David Nichols grew up on a fruit orchard in Wenatchee, Washington, where he and his brother would pass the time during the summer searching the trees for cherries — specifically the eight row cherry.
The largest cherry size found on a standard cherry gauge, Nichols named his latest restaurant after the somewhat elusive fruit, swinging open the doors to Eight Row in Seattle’s Greenlake neighborhood last August.
The former chef of Downtown Seattle’s Rider, Nichols’ menu reflects his agricultural upbringing, showcasing regional and seasonal ingredients on an ever-changing bill of fare. Growing up in Central Washington where many farms employ immigrant workers from Mexico and Central America, Nichols continues to find inspiration from those cultures and traditions that he brings to life at Eight Row.
For Nichols, taking care in his work and getting “all the little things right” is of utmost important. “Everybody who works in our kitchen should think of themselves as hosts in their own home,” he says. “This is about family, friends, guests, place and the reaping of honest, careful toiling. We only use the best ingredients because we partner with small, family-owned producers who share in our vision… Why? To honor family. Always cook with a reason on the mind.”
In the popular grilled pork chop dish, Nichols features a smoked apple mole, a nod to the caretakers of his family farm that emigrated from the Mexican state of Michoacán.
“Mole is a huge deal to them and they are a major reason these flavors taste like home to us,” he adds. “This is a PNW orchard spin on a sacred Michoacán recipe. It’s worth mentioning that pigs raised on small farms in the apple capital of the world [Wenatchee] actually eat a lot of apples. It feels like there’s something romantic there. Old apple fruit is transformed into pork, and we ultimately serve it with apples.”
Nichols also uses the Spark! heirloom cider from fellow family-run operation, Alpenfire Cider in Port Townsend, Washington, in the dish’s cider gastrique. Keeping it easy, he suggests drinking the same cider as the pairing.
“Cider is the obvious answer here,” he says. “Our rotating cider from Alpenfire is always crisp, dry, complex and gorgeous. A light, refreshing counterpoint to the spicy, dense reduction of apple mole.”
Grilled Pork Chop with Smoked Honeycrisp Apple Mole, Cardamom Braised Cabbage and Cider Gastrique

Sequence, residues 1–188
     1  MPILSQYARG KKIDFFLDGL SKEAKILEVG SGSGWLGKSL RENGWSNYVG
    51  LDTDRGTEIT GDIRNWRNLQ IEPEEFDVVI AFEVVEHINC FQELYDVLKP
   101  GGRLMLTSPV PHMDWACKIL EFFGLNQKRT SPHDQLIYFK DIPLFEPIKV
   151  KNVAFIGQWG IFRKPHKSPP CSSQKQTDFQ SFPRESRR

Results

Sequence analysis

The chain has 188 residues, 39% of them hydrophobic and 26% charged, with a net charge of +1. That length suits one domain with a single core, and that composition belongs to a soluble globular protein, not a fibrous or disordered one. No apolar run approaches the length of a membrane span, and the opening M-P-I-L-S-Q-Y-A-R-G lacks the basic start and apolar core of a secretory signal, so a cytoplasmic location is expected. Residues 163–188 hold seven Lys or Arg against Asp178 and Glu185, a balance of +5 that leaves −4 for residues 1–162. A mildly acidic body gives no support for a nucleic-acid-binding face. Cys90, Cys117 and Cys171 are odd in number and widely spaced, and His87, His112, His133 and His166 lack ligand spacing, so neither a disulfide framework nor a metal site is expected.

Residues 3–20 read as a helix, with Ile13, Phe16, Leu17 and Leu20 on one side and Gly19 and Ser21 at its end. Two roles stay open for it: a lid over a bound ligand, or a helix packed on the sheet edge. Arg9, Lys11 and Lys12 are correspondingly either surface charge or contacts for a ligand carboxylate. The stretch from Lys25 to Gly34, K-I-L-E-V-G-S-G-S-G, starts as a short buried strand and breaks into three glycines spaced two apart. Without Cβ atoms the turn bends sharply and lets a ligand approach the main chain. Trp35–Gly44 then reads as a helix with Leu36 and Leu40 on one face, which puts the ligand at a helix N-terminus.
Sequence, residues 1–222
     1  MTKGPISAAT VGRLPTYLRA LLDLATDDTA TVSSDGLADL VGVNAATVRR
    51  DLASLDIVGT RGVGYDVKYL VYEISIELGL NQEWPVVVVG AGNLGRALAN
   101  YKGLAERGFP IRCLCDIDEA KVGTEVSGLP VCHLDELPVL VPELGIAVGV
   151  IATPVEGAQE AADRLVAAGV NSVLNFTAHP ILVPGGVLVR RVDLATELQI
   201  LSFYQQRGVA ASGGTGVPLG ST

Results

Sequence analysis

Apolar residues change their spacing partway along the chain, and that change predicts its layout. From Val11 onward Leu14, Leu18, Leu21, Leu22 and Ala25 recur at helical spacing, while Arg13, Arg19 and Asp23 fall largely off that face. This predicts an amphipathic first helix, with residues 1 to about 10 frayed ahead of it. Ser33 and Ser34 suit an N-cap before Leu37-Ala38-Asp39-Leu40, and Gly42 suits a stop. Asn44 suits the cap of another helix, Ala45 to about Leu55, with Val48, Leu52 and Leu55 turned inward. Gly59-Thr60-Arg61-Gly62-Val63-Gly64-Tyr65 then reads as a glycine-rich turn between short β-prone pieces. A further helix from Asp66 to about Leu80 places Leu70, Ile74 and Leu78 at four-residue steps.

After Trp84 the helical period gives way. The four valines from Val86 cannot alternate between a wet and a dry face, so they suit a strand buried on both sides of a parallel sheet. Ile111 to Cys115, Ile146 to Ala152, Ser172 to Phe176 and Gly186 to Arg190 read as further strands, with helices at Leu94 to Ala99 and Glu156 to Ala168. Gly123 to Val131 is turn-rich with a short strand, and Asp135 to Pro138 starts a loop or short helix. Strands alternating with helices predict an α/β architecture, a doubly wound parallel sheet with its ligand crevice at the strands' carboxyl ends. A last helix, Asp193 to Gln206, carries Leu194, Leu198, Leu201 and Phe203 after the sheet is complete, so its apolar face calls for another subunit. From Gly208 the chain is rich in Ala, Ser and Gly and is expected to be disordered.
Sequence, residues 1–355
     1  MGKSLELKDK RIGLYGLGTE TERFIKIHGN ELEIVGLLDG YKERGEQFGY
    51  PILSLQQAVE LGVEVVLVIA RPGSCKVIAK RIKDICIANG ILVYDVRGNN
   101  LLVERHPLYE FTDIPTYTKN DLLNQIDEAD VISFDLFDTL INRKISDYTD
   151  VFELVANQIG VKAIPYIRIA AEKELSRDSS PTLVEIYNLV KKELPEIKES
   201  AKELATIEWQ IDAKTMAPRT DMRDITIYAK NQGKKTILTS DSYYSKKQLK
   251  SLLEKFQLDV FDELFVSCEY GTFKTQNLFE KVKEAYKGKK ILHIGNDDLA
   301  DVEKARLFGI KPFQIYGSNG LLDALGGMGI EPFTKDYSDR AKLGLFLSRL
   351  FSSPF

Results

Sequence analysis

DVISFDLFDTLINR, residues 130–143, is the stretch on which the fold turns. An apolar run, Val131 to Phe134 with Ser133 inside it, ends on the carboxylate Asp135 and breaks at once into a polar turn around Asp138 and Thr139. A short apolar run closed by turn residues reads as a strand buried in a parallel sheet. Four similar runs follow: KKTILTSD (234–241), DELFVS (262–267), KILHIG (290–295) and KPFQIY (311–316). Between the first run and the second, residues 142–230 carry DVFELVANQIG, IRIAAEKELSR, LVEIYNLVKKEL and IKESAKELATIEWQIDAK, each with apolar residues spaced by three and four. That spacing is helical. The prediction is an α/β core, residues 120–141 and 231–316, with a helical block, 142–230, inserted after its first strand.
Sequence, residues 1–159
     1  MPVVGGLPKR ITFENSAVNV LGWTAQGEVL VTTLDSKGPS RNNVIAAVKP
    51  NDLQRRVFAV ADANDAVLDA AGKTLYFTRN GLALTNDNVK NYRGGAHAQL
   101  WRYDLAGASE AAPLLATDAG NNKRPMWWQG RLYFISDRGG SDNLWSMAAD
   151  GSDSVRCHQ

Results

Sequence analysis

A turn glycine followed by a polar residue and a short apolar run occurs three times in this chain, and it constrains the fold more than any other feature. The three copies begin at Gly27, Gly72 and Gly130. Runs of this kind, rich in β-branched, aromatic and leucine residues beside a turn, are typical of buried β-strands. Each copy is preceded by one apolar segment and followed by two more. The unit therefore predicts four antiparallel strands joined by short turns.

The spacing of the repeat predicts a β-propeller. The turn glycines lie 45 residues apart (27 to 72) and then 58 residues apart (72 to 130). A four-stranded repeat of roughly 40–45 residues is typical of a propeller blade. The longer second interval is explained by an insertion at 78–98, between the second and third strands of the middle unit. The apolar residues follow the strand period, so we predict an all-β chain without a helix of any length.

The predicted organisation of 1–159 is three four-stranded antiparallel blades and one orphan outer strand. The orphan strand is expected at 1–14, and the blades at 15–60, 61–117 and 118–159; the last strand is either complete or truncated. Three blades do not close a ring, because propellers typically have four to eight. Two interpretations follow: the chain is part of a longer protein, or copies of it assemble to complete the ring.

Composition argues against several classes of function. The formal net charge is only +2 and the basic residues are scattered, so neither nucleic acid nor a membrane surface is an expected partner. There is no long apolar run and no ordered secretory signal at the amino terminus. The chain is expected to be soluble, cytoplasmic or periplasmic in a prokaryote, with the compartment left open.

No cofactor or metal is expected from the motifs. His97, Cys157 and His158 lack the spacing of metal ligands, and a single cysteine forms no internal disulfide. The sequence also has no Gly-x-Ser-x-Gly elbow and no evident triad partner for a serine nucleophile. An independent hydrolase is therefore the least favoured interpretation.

4 Honeycrisp apples
3 tablespoons olive oil
½ white onion, sliced
1 clove garlic, sliced
3 pieces chili de arbol
2 pieces Morita chili
½ cup molasses
1 tablespoon dried oregano
1 tablespoon ground cumin seeds
1 tablespoon ground fennel seeds
1 teaspoon ground cinnamon
3 cups chicken stock
½ head green cabbage
8 cups chicken stock
2 sprigs thyme
4 green cardamom pods
1 cup brown sugar
2 cups Alpenfire Cider Spark!
4 8-ounce boneless pork chops
Garnish: parsley, apple chips
For the honeycrisp mole, quarter the apples and take out the core, place in smoker for 30 minutes. (Alternatively, if you do not have a smoker, you can use a perforated pan that fits into a deeper pan that is lined with foil.)
While apples are smoking, heat a large saute pan to medium heat and add the onion, garlic and 3 tablespoons olive oil. Cook until the vegetables are soft then season with the ground spices, chilies and molasses.
Cover with 3 cups chicken stock. Add the smoked apples and cook for 2 hours over low heat. Once cooked and most of the liquid has been reduced, place in blender and puree.
For the braised cabbage, slice the cabbage, leaving part of the core attached. Season with salt and pepper then grill over high heat. Place the cabbage in an oven-proof pan and cover with 8 cups chicken stock, thyme, cardamom and theorange that has been cut in half and juice squeezed. Cook in the oven at 350°F for 30 minutes.
Take out the cabbage and strain the braising liquid into a pot. Add the brown sugar and cider, reducing by half to make the gastrique. Pull off stove and keep warm.
For the grilled pork chops, season the pork with salt and pepper and place on medium heat grill, cooking on each side for about 8-10 minutes until the pork chop is at medium (about 145° F). Take off the grill and allow the pork to rest.
Heat up the braised cabbage by adding it to the cider gastrique and having the sauce coat the cabbage. Warm up the apple mole and place in the middle on the plate.
Slice the pork chops in half and place on top of the mole, with the braised cabbage topping each chop. Garnish with parsley leaves and apple chips.